A Year in Shorts Day 339: "The Concert"
We’ve covered a great deal of obscure shorts here in the past year. Honestly, that’s been one of the best things about doing this. It’s been fun opening up little known films to a wider audience, even in this small of a capacity. Today’s film, Claude Chagrin’s The Concert, might be one of the most obscure we’ve covered. And that’s a shame, because it’s also one of the most creative and hilarious films I’ve ever seen!
Released in 1974, The Concert follows an unnamed man (played by Jules Chagrin, who cowrote the short with his sister, Claude) who decides to perform a solo concert at the Royal Albert Hall. Or, to be more exact, outside the Royal Albert Hall. Using the crosswalk as his instrument (it does somewhat resemble a piano, after all), the man puts on a show, much to the alternating amazement and chagrin (I swear to God that pun was unintentional) of passing pedestrians, policemen and fellow musicians. What follows is an honest-to-God live action cartoon, filled with nonsensical gags and great physical comedy. It's as if Bugs Bunny and the Monty Python gang had a baby together. But you don't have to take my word for it! Why not check it out for yourself?
There's a lot to love about The Concert, from the outrageous sight gags to the more subtle asides. The film gets a remarkable amount of mileage from its premise, constantly throwing new variations on the same basic gags so the short never has time to get stale. I think it helps that while the gags are incredibly silly, people's reactions to them are fairly underplayed. Sure, they may think it's a little weird to see a man play piano with the crosswalk. But since it's already happening, there's not much to be done about it. It's a subtle touch we see in a lot of shorts, and like always it helps the gags land a lot better. Claude Chagrin's direction and editing (which even includes some animation and pixilation) help keep things fresh and fast-paced. Direction in comedies is something we often ignore, paying more attention to the writing and acting. And certainly, those things are very important! But perhaps more than any genre, a comedy lives on its directing and editing. The wrong framing can ruin a gag, and even the funniest joke can be killed if a poor edit creates bad timing. Luckily, Claude Chagrin is a maestro at this, making sure there's not a sour note in the entire thing.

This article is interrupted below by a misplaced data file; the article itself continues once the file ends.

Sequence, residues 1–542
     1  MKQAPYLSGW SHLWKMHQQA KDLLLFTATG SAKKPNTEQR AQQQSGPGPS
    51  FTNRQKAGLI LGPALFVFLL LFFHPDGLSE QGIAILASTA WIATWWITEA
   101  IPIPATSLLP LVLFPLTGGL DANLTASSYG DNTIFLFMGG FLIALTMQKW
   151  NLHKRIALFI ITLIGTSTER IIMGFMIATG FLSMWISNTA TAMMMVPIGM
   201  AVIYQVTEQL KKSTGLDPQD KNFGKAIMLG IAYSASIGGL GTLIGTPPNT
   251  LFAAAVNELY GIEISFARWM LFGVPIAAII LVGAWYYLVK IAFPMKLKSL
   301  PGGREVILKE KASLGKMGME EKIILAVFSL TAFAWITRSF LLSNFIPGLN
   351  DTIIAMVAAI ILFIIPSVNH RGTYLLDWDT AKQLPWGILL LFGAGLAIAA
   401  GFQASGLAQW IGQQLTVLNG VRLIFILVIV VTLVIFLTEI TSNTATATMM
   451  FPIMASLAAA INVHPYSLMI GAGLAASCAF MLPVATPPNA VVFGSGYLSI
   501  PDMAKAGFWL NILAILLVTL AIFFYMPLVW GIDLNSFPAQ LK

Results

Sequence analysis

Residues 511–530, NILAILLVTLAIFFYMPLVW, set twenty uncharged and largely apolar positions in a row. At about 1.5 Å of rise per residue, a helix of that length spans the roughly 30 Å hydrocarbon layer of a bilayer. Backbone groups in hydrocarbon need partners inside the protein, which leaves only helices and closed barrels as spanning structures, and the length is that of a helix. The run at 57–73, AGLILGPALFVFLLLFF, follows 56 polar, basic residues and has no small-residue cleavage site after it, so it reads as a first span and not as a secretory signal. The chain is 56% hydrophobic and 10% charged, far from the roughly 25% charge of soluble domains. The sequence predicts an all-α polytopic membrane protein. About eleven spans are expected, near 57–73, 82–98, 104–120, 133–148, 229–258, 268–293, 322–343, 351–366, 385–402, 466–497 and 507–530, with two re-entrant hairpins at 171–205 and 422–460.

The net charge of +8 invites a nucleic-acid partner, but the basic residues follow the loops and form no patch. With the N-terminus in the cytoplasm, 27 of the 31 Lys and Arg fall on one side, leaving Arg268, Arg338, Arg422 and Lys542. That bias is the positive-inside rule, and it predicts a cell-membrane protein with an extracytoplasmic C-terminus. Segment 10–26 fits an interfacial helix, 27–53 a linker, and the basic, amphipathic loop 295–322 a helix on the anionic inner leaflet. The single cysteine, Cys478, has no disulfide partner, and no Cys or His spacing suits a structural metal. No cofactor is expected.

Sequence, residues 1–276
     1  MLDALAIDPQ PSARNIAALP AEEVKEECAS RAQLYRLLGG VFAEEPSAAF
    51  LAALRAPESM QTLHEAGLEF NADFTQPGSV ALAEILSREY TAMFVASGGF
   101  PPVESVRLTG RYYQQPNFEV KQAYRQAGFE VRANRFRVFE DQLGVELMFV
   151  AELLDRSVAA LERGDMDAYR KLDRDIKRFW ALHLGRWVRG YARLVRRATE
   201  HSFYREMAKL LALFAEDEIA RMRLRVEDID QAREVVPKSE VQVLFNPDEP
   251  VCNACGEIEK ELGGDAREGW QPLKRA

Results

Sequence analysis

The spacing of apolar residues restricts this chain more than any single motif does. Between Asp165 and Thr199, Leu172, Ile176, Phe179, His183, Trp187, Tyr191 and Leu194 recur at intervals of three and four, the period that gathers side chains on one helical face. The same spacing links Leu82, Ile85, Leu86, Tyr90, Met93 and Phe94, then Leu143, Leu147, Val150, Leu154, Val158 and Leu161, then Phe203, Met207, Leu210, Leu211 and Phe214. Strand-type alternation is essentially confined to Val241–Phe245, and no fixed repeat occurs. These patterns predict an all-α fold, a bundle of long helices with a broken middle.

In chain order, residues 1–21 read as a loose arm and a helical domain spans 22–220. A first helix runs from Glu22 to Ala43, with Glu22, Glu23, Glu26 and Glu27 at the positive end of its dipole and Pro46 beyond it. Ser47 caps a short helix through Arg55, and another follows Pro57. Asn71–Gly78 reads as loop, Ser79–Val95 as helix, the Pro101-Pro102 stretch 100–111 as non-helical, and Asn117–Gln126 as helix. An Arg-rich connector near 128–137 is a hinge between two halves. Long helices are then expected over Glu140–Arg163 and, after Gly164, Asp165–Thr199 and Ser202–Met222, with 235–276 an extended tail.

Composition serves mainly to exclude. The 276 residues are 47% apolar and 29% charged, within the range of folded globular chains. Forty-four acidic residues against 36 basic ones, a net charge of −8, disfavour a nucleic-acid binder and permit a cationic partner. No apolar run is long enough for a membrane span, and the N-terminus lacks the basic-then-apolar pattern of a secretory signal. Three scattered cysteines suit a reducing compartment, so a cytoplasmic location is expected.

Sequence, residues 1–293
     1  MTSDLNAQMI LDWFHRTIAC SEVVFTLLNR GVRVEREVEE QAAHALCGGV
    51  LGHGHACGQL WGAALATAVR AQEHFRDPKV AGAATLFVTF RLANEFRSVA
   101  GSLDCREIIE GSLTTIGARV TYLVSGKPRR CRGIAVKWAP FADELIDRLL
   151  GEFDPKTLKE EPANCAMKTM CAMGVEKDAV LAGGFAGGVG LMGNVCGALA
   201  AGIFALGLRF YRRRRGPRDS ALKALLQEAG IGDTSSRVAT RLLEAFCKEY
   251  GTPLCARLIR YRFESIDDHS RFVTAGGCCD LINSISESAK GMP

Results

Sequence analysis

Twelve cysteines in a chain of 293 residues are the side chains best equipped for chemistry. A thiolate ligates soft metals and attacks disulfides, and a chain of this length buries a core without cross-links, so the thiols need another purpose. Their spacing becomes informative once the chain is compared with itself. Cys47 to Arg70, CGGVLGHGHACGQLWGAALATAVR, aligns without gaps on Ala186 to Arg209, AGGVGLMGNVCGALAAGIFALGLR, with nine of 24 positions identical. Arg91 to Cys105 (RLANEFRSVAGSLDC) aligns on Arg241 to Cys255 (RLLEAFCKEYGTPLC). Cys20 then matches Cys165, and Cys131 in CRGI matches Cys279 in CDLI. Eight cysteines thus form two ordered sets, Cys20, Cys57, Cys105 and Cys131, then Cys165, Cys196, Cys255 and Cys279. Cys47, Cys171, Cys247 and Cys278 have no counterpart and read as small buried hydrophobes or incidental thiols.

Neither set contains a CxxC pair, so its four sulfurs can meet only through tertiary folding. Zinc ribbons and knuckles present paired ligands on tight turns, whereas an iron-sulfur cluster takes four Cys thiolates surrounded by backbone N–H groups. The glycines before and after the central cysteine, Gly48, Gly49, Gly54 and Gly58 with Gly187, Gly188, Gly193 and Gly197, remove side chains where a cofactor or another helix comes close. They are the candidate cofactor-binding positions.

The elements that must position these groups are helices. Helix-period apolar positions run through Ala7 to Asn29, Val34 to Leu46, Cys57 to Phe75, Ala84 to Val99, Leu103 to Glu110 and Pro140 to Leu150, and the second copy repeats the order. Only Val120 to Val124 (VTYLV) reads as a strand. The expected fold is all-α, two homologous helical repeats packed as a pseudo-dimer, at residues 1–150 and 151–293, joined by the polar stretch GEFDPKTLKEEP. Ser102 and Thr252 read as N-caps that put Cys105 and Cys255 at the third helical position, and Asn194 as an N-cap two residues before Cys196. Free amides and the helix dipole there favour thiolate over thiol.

But of course, Julian Chagrin is the real star of this short. He and Claude are best known for their roles as the tennis-playing mimes at the end of Blow-Up, a movie I haven't seen (I know, it's blasphemy!), but I have seen the ending of. (Film professors sure like spoiling the endings of movies, don't they?) That's right folks, I tricked you into watching a movie starring a mime! Some folks just want to watch the world burn, I'm afraid. Anyway, back to the point. Chagrin's committed physical performance really ties this film together, as he completely throws himself into every movement. His physical performance extends to his facial expressions as well, allowing Chagrin to create a fully realized character without anything in the way of real dialogue. It's all over-the-top, of course, but in the best possible way. It's obviously done in the mime tradition, but there's a strain of old silent film comedy there as well. Whatever it is, it's just great. Perhaps I just have a soft spot for this sort of thing- I, too, have been referred to as a live action cartoon character. It certainly helps that his costars (most notably Paul Curran as the constable) know exactly how to play their parts, supporting Chagrin with just enough energy without ever overshadowing him. But at the same time, Chagrin is a generous scene partner, making sure not to step on the moments they get to have their own laughs. It's a delicate balancing act, but I suppose the rest of the film is too. And as with everything else, Chagrin and Chagrin pull it off.
At the 47th Academy Awards (which, between a Screenplay nod for Young Frankenstein and Madeline Kahn's nomination for Blazing Saddles, had a stronger than average showing for goofy comedies), The Concert wound up losing the Oscar to One-Eyed Men Are Kings, a French film I haven't seen. British mimes losing to French cinema. Poetic, really. At any rate, I can't say as to whether an Oscar win would have resulted in The Concert being a more popular film today. I highly doubt it, though. There are hundreds of Oscar-nominated shorts out there, and most of them are destined to fall into obscurity. Still, it seems unfair that The Concert has been hit particularly hard by this. Hell, look at how hard it was for me to find images from it for today's review! A film this funny, creative and well-made deserves an audience, and I hope that in some small way we can help it find one. It's already found you, after all!
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